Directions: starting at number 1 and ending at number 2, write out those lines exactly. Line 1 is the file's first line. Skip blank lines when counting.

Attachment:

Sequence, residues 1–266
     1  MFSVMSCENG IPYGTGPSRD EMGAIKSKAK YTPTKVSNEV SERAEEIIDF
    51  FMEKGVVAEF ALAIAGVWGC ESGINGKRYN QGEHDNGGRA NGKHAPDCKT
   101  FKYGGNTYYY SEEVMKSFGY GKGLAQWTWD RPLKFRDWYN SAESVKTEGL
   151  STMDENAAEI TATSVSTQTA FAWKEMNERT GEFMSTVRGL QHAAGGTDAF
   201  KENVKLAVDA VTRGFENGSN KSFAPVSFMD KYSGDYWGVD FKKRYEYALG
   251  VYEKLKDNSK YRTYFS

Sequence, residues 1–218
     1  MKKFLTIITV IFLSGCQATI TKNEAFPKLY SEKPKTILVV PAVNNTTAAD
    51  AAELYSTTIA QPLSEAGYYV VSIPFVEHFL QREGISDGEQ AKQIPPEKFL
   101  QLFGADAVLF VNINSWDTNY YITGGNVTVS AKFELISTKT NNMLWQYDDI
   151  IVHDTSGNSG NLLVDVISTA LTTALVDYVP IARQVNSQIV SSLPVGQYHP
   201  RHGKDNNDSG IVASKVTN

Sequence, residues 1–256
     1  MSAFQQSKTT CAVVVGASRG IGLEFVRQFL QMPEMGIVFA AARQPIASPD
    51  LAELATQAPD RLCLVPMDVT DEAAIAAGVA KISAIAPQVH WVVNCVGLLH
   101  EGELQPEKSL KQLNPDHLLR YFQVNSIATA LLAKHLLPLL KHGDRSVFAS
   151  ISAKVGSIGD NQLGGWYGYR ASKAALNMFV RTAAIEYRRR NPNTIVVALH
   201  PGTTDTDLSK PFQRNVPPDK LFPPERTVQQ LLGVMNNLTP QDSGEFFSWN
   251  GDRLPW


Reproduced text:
Sequence, residues 1–266
     1  MFSVMSCENG IPYGTGPSRD EMGAIKSKAK YTPTKVSNEV SERAEEIIDF